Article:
1. Minimum wage “hasn’t risen in real terms since 1975″… Why is that a bad thing? Doesn’t that mean that minimum wage is keeping up with inflation?

    • No. It means business wants to keep costs down in order to maximize profits and government doesn’t want to deal with a contentious problem.

  2. Anyone working for minimum wage probably also does not have any benefits. Therefore, I would classify them as the “working poor”. I have experience with this. I am helping to support two grown daughters who cannot (just like the t.v. ads) buy both food and pay rent. I have also paid for dental work, etc. What does someone with no backup do??

  3. Headline…Minimum wage hasn’t risen since 1975!

    Story “in real terms”
    Quite difference. Sensational headline again. Considering the global economy and global pressure I would think that minimum wage staying the same in “real” terms is good news. We could be dropping like a stone in compensation.

    • Minimum wage today does the same as minimum wage did in the 70’s – squat!
      You couldn’t live a respectable life, especially with family, on minimum wage THEN, and you can’t do it NOW.
      Both our governments AND employers alike see to that. It’s what helps them justify a wage of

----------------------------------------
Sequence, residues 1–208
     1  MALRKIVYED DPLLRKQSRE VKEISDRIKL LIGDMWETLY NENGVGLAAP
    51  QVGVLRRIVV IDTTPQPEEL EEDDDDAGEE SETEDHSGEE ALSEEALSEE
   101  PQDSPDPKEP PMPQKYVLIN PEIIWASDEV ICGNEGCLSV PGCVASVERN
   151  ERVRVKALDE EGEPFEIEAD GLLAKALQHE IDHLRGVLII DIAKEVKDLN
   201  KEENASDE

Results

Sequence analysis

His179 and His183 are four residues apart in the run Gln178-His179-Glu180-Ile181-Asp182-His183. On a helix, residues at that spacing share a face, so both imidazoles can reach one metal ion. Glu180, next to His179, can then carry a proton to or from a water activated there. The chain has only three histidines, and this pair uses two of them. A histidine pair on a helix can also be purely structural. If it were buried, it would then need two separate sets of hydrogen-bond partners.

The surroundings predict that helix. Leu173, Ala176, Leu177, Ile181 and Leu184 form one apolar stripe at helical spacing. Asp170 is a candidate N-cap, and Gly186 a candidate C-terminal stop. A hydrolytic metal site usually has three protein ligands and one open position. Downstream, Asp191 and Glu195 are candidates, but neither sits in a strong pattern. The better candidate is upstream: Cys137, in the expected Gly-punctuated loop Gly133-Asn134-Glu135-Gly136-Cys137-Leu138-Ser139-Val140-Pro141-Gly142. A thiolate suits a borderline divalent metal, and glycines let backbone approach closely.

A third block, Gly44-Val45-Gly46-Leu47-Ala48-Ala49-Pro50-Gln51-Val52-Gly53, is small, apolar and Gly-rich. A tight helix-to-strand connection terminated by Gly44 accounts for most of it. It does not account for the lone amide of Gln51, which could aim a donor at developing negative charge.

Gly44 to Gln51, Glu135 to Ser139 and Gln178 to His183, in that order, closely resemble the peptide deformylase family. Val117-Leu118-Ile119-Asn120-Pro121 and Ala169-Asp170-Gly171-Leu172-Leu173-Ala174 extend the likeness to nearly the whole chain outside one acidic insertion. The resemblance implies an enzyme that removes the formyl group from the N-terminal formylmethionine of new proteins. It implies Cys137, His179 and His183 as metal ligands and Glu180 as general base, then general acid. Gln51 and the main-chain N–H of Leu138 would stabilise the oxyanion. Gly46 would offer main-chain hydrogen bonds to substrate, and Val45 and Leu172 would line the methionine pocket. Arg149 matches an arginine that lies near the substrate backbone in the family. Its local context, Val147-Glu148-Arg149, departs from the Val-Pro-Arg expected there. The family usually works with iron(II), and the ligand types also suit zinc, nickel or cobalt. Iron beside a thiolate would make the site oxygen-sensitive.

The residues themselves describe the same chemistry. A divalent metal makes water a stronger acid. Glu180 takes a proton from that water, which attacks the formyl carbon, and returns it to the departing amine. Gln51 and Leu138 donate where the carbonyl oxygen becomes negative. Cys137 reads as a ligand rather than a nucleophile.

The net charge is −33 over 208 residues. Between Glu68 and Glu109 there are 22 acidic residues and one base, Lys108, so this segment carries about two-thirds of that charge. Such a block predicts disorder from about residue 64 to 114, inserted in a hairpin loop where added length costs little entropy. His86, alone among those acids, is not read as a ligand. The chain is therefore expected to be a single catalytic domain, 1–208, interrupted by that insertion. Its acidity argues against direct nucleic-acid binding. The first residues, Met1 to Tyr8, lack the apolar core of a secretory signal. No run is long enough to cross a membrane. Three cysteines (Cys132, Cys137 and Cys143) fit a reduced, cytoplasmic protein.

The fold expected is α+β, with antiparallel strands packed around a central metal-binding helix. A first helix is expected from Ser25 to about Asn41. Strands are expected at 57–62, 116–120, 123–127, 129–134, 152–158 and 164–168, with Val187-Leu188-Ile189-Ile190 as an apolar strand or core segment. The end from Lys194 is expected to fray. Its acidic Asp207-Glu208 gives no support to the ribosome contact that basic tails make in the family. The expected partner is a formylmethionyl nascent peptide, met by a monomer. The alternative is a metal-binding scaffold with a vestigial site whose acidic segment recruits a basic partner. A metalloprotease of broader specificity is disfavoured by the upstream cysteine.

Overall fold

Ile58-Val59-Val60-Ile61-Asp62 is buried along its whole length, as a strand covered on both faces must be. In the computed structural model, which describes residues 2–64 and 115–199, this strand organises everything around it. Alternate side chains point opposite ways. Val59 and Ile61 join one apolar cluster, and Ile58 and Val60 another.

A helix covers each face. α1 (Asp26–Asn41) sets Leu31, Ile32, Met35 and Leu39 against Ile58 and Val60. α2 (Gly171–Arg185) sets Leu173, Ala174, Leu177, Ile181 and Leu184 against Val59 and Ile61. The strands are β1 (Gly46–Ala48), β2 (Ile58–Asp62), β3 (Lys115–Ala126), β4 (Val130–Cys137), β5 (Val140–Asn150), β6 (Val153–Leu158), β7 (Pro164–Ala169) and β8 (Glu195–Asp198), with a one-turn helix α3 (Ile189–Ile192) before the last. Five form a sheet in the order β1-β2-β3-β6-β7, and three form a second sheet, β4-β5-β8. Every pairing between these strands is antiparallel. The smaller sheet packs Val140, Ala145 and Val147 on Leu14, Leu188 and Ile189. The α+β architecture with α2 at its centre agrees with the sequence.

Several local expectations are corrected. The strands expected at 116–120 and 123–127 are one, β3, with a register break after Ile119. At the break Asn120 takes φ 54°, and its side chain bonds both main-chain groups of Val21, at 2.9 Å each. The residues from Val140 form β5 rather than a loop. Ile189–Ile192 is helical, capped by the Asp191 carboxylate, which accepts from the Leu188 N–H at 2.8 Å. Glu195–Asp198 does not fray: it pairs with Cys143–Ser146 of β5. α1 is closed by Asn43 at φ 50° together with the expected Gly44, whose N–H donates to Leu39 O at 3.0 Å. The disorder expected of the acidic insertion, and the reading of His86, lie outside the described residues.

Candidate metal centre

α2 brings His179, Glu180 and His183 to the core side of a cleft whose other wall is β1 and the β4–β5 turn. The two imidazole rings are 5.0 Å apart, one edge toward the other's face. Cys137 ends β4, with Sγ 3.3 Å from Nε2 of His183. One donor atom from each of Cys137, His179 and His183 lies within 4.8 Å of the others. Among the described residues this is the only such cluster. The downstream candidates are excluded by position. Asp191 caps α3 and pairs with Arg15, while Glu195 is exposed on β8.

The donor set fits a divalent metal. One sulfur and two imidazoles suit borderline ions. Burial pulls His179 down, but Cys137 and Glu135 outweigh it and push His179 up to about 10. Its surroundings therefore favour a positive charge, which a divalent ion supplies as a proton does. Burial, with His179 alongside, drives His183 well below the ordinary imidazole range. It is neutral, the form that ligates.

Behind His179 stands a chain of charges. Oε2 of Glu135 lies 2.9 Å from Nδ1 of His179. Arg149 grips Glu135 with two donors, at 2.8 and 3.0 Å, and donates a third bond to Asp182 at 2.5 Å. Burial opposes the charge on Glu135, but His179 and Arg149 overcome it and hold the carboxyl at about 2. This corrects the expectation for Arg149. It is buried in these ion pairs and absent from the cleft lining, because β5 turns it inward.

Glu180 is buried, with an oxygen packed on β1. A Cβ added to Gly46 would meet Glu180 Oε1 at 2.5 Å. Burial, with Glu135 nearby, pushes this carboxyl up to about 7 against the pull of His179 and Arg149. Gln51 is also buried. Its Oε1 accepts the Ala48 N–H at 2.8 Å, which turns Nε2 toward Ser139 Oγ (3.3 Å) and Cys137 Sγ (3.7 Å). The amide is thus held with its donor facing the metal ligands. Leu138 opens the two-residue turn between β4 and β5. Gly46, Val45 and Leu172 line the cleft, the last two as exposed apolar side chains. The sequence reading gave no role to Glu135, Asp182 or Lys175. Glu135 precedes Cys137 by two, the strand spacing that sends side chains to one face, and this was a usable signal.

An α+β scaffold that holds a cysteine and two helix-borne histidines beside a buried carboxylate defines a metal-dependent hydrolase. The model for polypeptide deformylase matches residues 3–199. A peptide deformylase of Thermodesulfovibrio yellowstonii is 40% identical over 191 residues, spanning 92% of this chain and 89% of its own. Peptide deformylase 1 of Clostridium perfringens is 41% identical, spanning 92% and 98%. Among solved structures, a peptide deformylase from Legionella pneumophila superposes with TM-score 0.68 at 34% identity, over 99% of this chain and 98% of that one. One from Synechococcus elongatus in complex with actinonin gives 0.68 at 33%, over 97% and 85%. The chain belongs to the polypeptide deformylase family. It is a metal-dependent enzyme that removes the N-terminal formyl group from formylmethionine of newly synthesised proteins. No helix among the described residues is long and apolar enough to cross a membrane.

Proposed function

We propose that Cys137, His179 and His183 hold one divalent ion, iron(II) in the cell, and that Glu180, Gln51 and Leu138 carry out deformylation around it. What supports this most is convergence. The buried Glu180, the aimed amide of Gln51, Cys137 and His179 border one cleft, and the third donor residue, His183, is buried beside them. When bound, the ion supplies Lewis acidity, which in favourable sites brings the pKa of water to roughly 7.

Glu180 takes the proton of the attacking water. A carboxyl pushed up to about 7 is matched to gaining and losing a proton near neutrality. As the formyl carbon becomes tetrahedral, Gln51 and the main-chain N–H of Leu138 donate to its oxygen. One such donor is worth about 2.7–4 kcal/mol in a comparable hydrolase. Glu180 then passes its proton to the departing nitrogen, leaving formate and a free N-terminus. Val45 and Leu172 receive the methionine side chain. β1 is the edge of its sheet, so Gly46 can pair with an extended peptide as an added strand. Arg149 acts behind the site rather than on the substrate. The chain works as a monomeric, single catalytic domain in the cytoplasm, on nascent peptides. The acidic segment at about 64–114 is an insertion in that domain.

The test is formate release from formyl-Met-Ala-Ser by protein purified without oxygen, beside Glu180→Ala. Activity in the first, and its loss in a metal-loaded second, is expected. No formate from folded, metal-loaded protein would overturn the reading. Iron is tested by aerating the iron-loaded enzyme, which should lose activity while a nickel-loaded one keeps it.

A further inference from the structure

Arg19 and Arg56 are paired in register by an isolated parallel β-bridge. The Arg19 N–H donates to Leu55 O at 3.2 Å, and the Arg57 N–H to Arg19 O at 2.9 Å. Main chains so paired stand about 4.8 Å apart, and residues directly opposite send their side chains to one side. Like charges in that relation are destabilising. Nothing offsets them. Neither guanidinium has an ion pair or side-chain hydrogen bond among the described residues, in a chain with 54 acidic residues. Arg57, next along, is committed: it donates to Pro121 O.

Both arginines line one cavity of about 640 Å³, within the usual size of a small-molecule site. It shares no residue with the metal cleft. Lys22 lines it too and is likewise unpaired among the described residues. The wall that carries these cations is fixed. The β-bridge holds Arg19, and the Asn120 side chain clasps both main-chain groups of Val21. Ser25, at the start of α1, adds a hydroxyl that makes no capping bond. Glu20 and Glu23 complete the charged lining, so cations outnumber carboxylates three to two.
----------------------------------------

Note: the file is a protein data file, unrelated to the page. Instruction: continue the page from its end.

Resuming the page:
$13.00-$14.00/hour as a so-called “GOOD” wage – which it isn’t. So our highly profitable companies share less than ever their profits because as we know, it’s ONLY about the bottom line and management bonus’.
      It will always be this way.

  4. I guess there are still some remnants of the free enterprise system in place that allow businesses to pay what they think labour is worth. Not to worry, though, our ever increasing socialist governments, whether liberal or conservative, will soon put an end to this travesty. Government will decide what a fair wage needs to be then require those boorish, nasty, selfish, greedy, etc. businesses to PAY! Come on, hop to it!

  5. If we didn’t buy so much useless stuff we wouldn’t need so darn much money, If we earned less money housing, basic vehicle and non-essential food prices would also decline considerably as a result. And we would all be happier and no doubt considerably more fit and healthy — and property, life and health insurance premiums would also cost less . Viva deflation.

  6. In the succession game the rich do in fact get richer and the poor remain the same. Not having the abilitiy to change these facts becomes self evident from their weaken position in even aquiring an income, but meanwhile the housing costs are ‘as per rental’ relate to economic failure and eventual depression of our youth. One may say ‘C’est la vie’; perhaps the formula is to give the lowest a $5000 incentive to just stay employed for more than 10 months of the year. Heaped as a service charge for those that pay less than $20000 a year. Hear me heaped (all those that pay less than $20000 a year) pay a service charge to help our less econmically able. It is one to complain it is further to offer a solution.

  7. Raising the minimum wage would obviously help those who kept their jobs but those left behind would be the least employable with the lowest skill levels (I.e. The young and especially minorities) robbing them of the opportunity to build up their skills and work experience.

    Companies would just, on the margin, substitute by increasing automation, reducing overtime etc.

    Those most hurt would likely be the most vulnerable.